Though for some part Lulouch looked pretty evil, I was pretty touched by his thought about friendship. The one that really melted me was when Lulouch saw his friends during the festival and asked the left members who was still at school to be together again by the next year. Not only respecting the important of friendship, I personally could see his loneliness.

The same loneliness was explicitly shown by Suzaku. Becoming a total orphan from young age, bearing the sin for the whole life, and be an everybody's enemy -- I think it was a big sacrifice. I wonder if young people right now would dare to take the same risk as he took. So I think this was a quite epic choice of a young person.

For some reasons, I think, friendship was a medicine for lonely heart and that dragged most character in Code Geass to value their friendships.


Epilogue

What a genius thing about Code Geass was the tight plots that remainded me to Death Note. It had so much similarity that made me thought the writer(s) was the same person. After I check Wikipedia, I found out that both Gorou Taniguchi and Ichirou Oukouchi had no relationship to Death Note's writing process. However, both had involved in strong plotting stories. Taniguchi worked on Honey & Clover, Garasaki, and SoltyRei. Oukouchi worked on Wolf's Rain, Eureka 7, and Brave Story. The way Lulouch thinking was close to Light from Death Note. They also resembled due to their ability to manipulate situations.

As Japan was under occupation of Holy Britannia, I think this was like a 'black comedy' from a Japanese sight to feel a 'what if Japan is once under occupation'. This was not a new idea, actually. Jin Roh had performed a situation where Japan was under German occupation after WW II, and the views more realistic. However, Jin Roh didn't cover the impact of occupation as much as Code Geass because it focused on espionage.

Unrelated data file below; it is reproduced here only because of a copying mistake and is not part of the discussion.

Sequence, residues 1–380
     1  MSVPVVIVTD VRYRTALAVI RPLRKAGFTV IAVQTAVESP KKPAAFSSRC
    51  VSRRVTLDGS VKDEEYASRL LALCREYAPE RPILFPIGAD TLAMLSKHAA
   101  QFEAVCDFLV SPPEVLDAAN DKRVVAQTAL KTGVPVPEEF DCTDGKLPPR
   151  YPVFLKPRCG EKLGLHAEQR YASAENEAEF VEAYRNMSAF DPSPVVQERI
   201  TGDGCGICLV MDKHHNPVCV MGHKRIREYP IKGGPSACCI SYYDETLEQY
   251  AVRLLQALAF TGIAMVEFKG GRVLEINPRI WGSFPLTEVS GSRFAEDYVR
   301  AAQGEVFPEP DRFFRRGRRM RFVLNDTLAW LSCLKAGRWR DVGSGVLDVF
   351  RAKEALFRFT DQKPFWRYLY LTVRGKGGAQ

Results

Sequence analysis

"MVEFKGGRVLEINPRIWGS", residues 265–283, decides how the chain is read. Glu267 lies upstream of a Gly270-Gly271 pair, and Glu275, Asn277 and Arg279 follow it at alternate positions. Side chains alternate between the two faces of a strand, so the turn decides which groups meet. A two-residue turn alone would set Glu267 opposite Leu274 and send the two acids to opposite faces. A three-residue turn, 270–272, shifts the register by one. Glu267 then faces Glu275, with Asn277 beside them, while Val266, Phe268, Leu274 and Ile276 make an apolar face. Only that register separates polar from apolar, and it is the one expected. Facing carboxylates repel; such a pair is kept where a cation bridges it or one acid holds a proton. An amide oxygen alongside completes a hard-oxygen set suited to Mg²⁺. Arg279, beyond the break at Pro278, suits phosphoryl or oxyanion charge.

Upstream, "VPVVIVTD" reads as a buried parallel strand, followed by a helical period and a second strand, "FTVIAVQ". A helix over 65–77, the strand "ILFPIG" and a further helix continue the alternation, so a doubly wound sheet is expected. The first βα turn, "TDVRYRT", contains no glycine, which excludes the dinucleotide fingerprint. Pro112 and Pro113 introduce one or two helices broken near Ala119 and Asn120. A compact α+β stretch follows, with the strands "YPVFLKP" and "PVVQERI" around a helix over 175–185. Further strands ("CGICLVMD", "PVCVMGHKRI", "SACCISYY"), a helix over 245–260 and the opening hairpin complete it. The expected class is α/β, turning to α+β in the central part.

In reality, we know that recent government in Japan denied their occupation impact in several country especially the issue about local women whom forced to be prostitude for Japanese army. I cannot predict how the next Japanese generation acts due to the 'missing' history in their education (in some history book, it didn't mention about Japanese occupation). But hopefully Code Geass gave a little hook (not only to Japanese) that occupation only brings benefit to some people. The second message is that dictatorship may work well at the beginning but it won't last forever. As humans always want freedom. Sooner or later, they will rebel.

For our present life, it is obvious that wars are exist. A minority groups who hold the power can be so crazy to make war for resources or (the worst) for fun. Let's hope this type of person will vanish from history and we can live in peaceful. And those -- the victim of wars - can heal their mosaic fragments in their heart.


*enough spoiler!*


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resources:
Wikipedia: Code Geass
Wikipedia: Gorou Taniguchi
Wikipedia: Ichirou Oukouchi